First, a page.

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Sharing Your Faith

This is my second teaching video. In this video, I reflect on four major themes drawn from the apostle Paul’s practice in Athens.

Hope you will be blessed. PDF download link is below the video.

Sharing Your Faith by Shiao Chong

To download an accompanying pdf discussion handouts suitable for a short workshop or a small group, click here: Sharing Your Faith.

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Christian Leadership

Leadership Lane via Wikimedia Commons

Leadership Lane via Wikimedia Commons

This is my first teaching video! I have made six five teaching videos which will be uploaded with accompanying pdf discussion handouts. I will try and roll them out over the next few weeks.

In this video, I reflect on four major principles of Christian Leadership set in an acrostic: L-E-A-D for easy remembering!

Hope you will find this beneficial. PDF download link is below the video.  Continue reading

Posted in Calling, Campus Ministry, Leadership | Tagged , , | 2 Comments

Tactics of Deception

Scarecrows from Wikipedia

Recently, I read a book called, Debunk It! How to Stay Sane in a World of Misinformation by John Grant (Zest Books 2014). I don’t agree with everything the author espouses but I do agree with the need for us to rise above the world of misinformation that is pervasive these days on the internet. And Christians, sadly enough, are as guilty – sometimes even more guilty – of misrepresenting and misinforming news and facts. Often, the more controversial the issue, or the bigger the stakes, the more likely or tempting it is for Christians to resort to exaggerating or stretching the truth a little, maybe leaving some facts out so as to give false impressions without actually flat out lying. To that end, Grant’s book – Debunk It! – lays out some strategies to arm ourselves to detect such misinformation when we see them.

In this post, I want to lay out some tactics of deceptive arguments – false argumentation – that are (whether intentionally or not) often used to make claims sound actually true or logical. Sad to say, I have read many some Christian books, especially in folk apologetics – i.e. apologetics, the art of rationally defending the faith, done by less than professional specialists – who have employed these disreputable tools for the sake of winning an argument for the faith! I think Christians should do better. Now, some militant atheists resort to the same tools to discredit Christianity but Christians should not stoop to that same level of argumentation. Christians who believe that truth-telling is an important spiritual virtue should do better than rely on dubious misinformations and rhetorical methods that do not advance truth but only score points to win an argument. Speaking the truth in love is not speaking to win at all costs. So, here is a list of some of those tactics of deception drawn from Grant’s book.  Continue reading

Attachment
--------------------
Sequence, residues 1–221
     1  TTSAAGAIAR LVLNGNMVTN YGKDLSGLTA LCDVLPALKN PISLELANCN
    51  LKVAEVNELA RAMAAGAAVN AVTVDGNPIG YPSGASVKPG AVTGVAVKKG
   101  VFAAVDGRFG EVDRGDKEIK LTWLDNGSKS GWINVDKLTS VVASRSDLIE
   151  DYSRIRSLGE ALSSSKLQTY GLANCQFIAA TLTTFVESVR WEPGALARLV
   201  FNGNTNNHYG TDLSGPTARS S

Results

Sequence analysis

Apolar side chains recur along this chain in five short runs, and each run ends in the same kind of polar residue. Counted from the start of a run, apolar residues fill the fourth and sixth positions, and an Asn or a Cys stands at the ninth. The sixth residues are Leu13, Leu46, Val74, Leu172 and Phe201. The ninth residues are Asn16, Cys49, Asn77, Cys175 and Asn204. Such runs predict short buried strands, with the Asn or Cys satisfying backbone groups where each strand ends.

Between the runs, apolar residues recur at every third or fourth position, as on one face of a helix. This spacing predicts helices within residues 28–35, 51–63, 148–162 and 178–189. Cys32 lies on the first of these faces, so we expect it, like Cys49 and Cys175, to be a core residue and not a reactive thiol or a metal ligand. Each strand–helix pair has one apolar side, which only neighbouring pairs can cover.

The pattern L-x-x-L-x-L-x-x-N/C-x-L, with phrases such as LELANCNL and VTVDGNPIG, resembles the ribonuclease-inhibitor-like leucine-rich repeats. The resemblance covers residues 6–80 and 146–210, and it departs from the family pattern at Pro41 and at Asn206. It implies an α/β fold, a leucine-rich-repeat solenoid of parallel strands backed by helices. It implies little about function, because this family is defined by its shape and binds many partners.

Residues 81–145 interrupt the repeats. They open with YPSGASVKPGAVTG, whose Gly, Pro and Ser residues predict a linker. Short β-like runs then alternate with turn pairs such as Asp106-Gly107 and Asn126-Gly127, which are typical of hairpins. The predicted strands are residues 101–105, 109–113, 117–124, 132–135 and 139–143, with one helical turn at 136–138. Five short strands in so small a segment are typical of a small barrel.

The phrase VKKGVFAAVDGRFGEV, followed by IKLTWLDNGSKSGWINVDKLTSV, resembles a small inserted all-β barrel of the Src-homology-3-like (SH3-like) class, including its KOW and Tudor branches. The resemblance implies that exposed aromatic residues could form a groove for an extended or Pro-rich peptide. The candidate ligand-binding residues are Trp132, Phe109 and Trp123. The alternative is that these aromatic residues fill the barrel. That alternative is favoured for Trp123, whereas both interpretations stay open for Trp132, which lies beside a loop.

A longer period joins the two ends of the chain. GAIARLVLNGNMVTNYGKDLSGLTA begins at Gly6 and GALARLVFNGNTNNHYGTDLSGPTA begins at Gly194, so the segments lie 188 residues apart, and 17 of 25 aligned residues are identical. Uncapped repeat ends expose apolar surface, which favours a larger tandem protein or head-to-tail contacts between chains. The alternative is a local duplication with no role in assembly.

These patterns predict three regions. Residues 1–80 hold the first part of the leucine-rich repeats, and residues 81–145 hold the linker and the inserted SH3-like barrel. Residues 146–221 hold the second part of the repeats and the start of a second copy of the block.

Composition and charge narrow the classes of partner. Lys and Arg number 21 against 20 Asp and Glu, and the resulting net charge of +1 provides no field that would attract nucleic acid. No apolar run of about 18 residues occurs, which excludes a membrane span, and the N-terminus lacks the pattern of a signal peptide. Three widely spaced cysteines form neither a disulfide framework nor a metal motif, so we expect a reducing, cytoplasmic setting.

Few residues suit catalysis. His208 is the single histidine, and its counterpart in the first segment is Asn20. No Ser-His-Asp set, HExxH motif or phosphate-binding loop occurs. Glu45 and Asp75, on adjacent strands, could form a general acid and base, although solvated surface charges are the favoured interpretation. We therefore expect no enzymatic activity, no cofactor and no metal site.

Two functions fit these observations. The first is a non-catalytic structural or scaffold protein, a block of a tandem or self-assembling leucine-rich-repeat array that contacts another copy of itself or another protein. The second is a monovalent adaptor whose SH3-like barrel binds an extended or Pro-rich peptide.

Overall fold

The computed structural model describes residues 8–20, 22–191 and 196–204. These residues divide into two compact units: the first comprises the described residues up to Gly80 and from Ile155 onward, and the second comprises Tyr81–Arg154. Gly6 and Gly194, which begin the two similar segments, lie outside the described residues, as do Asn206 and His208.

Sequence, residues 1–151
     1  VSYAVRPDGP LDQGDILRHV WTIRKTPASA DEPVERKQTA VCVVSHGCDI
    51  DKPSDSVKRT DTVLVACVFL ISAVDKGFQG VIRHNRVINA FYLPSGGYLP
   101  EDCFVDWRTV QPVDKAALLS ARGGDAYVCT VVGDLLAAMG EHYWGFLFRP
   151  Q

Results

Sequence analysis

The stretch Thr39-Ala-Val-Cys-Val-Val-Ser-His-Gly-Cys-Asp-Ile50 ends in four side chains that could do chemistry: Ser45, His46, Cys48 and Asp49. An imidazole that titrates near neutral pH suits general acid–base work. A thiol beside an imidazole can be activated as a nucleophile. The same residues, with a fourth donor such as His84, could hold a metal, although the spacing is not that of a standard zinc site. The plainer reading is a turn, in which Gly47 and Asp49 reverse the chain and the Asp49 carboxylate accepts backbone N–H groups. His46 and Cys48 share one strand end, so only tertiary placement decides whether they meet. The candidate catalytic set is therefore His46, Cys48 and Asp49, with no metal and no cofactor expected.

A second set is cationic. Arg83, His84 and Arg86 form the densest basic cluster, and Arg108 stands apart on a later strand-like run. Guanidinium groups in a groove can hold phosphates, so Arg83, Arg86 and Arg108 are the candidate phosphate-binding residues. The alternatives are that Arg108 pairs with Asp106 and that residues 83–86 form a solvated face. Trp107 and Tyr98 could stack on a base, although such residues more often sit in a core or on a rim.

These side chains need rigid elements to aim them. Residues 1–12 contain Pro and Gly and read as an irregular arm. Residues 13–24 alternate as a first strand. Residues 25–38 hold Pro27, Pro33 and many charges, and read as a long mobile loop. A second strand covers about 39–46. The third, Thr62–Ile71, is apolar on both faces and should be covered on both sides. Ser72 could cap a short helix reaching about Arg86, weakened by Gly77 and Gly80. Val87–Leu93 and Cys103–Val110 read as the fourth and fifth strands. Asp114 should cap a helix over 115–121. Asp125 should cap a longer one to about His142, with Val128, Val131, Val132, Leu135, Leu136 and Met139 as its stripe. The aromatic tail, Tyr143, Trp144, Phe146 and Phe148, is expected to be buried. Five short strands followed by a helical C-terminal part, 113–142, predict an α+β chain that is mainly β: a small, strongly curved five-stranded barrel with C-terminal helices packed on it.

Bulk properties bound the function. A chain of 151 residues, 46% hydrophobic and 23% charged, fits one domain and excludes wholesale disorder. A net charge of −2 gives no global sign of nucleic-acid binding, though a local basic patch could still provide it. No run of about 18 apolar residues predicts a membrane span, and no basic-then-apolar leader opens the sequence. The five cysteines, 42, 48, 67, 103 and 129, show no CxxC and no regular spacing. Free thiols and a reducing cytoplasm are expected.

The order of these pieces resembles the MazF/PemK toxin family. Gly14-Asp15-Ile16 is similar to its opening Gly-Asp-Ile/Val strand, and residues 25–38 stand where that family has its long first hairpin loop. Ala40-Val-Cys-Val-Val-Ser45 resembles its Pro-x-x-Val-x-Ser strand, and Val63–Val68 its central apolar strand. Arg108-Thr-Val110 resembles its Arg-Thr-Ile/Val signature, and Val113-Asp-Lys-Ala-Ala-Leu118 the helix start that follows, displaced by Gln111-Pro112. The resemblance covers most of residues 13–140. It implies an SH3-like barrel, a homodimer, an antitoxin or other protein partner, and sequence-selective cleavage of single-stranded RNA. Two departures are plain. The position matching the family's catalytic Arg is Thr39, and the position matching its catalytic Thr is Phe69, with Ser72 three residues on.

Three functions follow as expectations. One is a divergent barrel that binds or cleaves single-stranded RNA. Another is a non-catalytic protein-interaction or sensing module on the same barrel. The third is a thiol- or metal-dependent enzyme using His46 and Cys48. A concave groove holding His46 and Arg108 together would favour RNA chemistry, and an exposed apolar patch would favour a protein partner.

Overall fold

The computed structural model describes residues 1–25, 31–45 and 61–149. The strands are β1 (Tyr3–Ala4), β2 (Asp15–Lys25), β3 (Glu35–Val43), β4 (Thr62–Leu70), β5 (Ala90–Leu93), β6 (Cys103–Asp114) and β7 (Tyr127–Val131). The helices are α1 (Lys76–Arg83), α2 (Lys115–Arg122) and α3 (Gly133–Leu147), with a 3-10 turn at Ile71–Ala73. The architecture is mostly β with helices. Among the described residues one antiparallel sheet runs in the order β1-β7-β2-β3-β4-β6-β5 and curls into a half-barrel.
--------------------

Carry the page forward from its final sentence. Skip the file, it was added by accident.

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Hate Won’t Win

Charleston_Shooting_Memorial_Service By Nomader (Own work) [CC BY-SA 3.0 (], via Wikimedia Commons

By Nomader (Own work) [CC BY-SA 3.0 (, via Wikimedia Commons

Last week, on June 17, 2015, a white man joined a bible study/prayer meeting inside the African Methodist Episcopal Church, a historic black church in Charleston, South Carolina, and later, shot and killed nine people, including the pastor. It was described as a hate crime.

I almost did not know what to say. As I read, watched and heard the news, I have only sadness. Yet, with the powerful witness of the grieving families, and the resultant show of solidarity in South Carolina, I also have hope.

I feel I need to write something about this, but I don’t think I have anything new to add to what many have already said and wrote on the matter. So, I choose in this post to share with you some of my favorites that I read/watched on the Charleston shooting, that you may be edified.

Continue reading